The $200 Microhouse


Photo by Boston Photographer Erik Jacobs


The 24-square-foot house pictured is named the Gypsy Junkard. It's the largest of Derek Diedricksen's tiny house designs. Diedricksen has always been fascinated with tiny architecture, and once challenging himself to build a homeless shelter for less than $100. He accomplished that by using scavenged and recycled materials -and imagination. The four tiny structures he built in his backyard cost an average of $200 each in materials. Outside of his building hobby, Diedricksen is a building inspector who lives with his family of four in a 950-foot house. A fixer-upper, of course. Read more, and see his other constructions, at the New York Times. Link

(Image credit: Erik Jacobs/The New York Times)

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Laugh if you will but a shanty is preferable to abject homelessness or even the vehicle-based living I prognosticate so many of the working-poor class will have to resort to; especially when we are dependent upon the meager amount obtained via Social Security.

Many USA citizens never had access to employer-provided pensions and as the years sped by even more jobs scrapped pensions and said "tough luck."

Of course, the presence of multi-millions of illegal aliens competing economically in so many ways harmed us while assisting the tightwadness of employers.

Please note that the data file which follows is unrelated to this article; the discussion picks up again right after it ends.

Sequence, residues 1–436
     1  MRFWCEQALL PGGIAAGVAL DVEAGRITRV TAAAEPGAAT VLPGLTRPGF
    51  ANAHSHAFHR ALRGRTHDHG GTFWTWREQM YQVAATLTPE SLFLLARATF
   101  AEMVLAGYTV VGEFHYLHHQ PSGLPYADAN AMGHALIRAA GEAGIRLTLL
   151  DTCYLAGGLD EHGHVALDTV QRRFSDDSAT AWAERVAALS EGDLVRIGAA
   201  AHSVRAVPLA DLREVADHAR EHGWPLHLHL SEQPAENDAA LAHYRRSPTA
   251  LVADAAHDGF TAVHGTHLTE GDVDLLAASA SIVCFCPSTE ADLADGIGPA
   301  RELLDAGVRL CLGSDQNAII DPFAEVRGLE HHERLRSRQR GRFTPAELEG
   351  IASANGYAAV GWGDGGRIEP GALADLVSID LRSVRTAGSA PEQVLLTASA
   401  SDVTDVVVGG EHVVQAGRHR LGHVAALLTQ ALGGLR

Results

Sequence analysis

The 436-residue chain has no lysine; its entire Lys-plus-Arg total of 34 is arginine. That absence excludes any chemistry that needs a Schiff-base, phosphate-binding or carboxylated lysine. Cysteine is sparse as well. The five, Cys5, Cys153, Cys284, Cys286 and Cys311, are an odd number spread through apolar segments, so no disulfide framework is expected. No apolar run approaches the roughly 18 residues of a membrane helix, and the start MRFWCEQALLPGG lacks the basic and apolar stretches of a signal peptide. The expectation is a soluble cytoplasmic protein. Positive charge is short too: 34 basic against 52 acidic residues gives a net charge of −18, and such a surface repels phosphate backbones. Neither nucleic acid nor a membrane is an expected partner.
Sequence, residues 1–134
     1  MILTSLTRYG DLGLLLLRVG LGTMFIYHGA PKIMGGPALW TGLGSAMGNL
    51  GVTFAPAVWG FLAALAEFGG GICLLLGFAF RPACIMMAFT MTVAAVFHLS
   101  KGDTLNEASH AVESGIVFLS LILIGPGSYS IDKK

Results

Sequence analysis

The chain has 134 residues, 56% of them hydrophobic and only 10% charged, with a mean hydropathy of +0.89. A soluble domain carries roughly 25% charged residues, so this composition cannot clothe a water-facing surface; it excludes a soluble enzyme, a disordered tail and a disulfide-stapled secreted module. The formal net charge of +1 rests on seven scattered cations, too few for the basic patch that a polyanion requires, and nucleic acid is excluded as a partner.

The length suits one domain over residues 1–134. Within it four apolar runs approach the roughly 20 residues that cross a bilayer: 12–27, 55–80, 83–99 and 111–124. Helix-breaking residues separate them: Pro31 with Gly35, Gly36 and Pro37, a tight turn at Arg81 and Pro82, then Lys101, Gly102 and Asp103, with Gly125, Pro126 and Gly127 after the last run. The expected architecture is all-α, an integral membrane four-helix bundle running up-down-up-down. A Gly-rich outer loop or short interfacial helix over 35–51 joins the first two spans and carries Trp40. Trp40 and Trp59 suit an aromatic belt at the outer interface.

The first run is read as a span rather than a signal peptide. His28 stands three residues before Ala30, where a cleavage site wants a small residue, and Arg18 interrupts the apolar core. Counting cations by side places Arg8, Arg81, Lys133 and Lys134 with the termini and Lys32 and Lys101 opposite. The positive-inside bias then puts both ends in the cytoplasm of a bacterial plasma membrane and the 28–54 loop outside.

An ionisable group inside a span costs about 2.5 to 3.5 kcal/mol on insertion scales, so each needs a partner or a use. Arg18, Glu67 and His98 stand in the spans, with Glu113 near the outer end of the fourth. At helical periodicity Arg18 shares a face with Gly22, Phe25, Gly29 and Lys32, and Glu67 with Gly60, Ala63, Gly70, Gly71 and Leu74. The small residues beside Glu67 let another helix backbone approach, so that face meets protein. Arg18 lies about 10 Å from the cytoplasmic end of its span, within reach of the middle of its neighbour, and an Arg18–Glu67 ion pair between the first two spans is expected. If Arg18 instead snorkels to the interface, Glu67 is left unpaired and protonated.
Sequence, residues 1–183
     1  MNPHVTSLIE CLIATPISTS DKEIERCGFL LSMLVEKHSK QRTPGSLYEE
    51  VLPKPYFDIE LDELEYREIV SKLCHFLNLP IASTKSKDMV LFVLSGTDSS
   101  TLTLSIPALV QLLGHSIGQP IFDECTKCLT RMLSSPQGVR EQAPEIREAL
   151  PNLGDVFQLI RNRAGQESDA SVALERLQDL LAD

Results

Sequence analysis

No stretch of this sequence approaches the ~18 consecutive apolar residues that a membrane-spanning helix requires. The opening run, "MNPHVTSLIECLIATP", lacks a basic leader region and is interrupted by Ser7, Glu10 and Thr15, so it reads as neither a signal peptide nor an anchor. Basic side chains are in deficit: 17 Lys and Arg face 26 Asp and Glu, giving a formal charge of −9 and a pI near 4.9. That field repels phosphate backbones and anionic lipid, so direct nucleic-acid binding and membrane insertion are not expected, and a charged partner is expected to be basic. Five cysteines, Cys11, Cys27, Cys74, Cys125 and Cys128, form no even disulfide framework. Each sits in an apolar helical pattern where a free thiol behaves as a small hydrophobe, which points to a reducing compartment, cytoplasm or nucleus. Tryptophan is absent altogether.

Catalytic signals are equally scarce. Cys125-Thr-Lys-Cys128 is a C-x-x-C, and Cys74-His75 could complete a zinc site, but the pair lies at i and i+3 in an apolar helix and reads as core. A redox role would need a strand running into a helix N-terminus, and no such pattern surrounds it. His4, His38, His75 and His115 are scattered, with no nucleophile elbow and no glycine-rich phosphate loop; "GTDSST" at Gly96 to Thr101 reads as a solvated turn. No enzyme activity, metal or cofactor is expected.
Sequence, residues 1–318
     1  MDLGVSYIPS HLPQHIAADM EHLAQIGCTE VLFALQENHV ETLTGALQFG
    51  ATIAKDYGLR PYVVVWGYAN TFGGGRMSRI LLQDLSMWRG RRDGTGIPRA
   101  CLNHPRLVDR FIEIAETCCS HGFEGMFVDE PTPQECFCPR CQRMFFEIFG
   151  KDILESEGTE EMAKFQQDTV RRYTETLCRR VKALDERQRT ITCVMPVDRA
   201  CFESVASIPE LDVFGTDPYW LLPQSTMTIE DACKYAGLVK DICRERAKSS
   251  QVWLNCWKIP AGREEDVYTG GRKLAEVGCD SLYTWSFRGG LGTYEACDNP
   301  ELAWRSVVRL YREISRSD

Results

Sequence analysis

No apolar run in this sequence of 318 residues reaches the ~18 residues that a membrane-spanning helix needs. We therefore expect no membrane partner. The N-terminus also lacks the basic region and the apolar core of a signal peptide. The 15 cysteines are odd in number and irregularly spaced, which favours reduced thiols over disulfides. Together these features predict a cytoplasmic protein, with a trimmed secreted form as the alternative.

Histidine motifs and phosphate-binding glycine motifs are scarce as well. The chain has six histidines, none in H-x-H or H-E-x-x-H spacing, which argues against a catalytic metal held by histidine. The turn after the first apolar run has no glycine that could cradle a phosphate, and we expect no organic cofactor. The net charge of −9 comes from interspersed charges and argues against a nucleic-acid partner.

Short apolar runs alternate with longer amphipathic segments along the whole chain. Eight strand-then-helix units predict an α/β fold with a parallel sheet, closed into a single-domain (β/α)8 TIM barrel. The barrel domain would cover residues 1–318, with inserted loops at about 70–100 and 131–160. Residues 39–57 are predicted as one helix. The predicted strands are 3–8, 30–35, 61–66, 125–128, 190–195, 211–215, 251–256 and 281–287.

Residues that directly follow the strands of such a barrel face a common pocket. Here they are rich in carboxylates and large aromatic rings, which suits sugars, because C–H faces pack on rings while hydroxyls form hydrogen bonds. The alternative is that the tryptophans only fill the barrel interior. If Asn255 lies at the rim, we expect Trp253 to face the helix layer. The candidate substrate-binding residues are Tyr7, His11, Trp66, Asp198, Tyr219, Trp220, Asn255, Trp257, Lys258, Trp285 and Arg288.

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The elites are just trying to warm us up to the idea of Hoovervilles once again because that is where they are taking this country. Let us see if they can make it look cool or "green" enough to convince most of us to voluntarily move into FEMA trailers.
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Anyone with a library card and a few hundred bucks could build a comfortable abode to sleep in. The real problem is finding a place to put it. Japanese society seems to respect small shelters for the homeless:

http://www.treehugger.com/japanese-homeless.jpg

http://image.shutterstock.com/display_pic_with_logo/55603/55603,1190159288,2/stock-photo-homeless-people-apos-s-shelters-along-the-sumida-river-in-tokyo-japan-5487439.jpg

I don't think this concept would be successful in the West though.
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So as a building inspector, would he ever give his designs permission to be used? Or how about getting approved by the Area historical Commission, the Home Owners Association, and the local Economic Development Board.

I love the ideas (see inhabitat.com) but this is about as practical as a cardboard refrigerator box...
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